The 75 percent reduction in their taxes is much larger than the 25 percent decline in their income after Brian retired. …Learn More
March 10, 2015
9 Measures of U.S. Economic Inequality
The interactive chart above illustrates the increasing U.S. disparity over the past 50 years between how much wealth the rich own – shown on the right side of the chart – and everyone else on the left.
The vast majority of Americans build wealth week by week, saving a little bit of their paychecks. Workers set aside wealth in less obvious ways too, by contributing some of that paycheck to Social Security and possibly paying down a mortgage.
Differences in earnings add up over a lifetime and contribute to how much wealth people are able to accumulate. This is explored in the Urban Institute’s series of nine charts, including the one above. Take the earnings trend over a half century shown in Chart No. 2 on the Urban Institute’s website: the nation’s top-paid workers have enjoyed increasing incomes, while wages have essentially been flat for those at the bottom. [All income and wealth data are in constant 2013 dollars and are comparable.]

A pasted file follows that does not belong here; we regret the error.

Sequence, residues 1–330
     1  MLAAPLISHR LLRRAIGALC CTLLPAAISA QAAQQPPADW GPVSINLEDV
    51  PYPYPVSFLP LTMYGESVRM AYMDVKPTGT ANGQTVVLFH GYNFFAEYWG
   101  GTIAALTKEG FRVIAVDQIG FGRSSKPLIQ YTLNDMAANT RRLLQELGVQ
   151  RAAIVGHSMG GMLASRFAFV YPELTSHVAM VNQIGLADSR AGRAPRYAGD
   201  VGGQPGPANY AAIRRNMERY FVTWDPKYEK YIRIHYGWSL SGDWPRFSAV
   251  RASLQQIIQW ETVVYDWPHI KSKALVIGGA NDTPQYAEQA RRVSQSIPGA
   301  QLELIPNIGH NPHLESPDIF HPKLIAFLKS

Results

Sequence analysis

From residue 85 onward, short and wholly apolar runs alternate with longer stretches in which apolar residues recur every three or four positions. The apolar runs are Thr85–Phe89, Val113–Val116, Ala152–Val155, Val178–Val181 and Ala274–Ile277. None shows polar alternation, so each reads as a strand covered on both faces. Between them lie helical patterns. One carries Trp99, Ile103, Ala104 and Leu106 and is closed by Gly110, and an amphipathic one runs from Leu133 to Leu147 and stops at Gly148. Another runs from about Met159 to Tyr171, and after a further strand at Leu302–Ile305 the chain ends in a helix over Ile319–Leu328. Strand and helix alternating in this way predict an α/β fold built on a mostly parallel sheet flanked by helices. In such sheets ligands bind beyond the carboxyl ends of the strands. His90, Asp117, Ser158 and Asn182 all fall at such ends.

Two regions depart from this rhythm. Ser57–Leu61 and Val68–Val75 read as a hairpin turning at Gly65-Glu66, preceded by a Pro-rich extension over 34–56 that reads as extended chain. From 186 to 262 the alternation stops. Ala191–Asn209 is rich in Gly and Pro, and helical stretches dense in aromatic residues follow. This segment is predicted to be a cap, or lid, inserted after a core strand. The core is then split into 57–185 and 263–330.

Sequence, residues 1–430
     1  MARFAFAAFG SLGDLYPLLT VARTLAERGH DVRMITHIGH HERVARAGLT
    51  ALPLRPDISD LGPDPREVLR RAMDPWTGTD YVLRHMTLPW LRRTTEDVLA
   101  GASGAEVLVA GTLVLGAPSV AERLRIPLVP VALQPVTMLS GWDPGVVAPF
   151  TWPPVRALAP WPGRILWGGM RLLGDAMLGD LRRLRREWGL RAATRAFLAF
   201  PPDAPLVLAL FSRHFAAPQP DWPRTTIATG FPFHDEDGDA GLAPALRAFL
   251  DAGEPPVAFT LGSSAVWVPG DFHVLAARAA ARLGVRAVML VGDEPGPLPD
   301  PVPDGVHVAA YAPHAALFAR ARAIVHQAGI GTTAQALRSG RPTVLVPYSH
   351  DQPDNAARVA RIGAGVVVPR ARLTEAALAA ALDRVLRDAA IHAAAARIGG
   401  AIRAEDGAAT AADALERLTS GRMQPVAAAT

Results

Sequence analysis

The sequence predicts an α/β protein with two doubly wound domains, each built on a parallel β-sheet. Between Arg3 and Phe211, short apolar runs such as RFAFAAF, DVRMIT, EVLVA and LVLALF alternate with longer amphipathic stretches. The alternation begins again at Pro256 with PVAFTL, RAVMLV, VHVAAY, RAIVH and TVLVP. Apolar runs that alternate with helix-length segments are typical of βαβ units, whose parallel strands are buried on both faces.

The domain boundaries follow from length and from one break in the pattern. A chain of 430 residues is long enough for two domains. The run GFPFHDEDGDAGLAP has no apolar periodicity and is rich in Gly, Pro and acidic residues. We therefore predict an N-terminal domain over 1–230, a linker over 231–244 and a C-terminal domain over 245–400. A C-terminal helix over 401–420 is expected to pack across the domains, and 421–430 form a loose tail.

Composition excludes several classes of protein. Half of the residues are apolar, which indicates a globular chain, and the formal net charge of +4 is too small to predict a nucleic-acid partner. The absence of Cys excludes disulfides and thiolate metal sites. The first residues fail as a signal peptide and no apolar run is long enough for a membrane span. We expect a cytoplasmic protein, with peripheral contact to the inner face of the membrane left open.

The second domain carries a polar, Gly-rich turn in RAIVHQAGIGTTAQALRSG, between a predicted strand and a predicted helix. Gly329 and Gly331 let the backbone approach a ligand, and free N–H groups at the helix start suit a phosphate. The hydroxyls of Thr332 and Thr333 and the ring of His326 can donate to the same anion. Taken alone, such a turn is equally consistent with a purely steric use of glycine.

The charts, when taken together, also illustrate how much larger is the wealth disparity between the top and bottom than is the earnings disparity. This is especially true of racial inequalities, even when the researchers control for income and age.
In Chart No. 5 on the Urban Institute’s website, the total value of the lifetime earnings of the typical white baby boomer born between 1943 and 1951 is $2 million – 30 percent more than African-Americans’ lifetime earnings of $1.5 million.
The typical white American families’ retirement savings (Chart No. 7) is $130,472 – seven times more than African-American families at $19,049. [Wealth data were provided only for families, not for individuals.] A report by the Federal Reserve Bank of St. Louis reached similar conclusions about the income and wealth gaps for black families.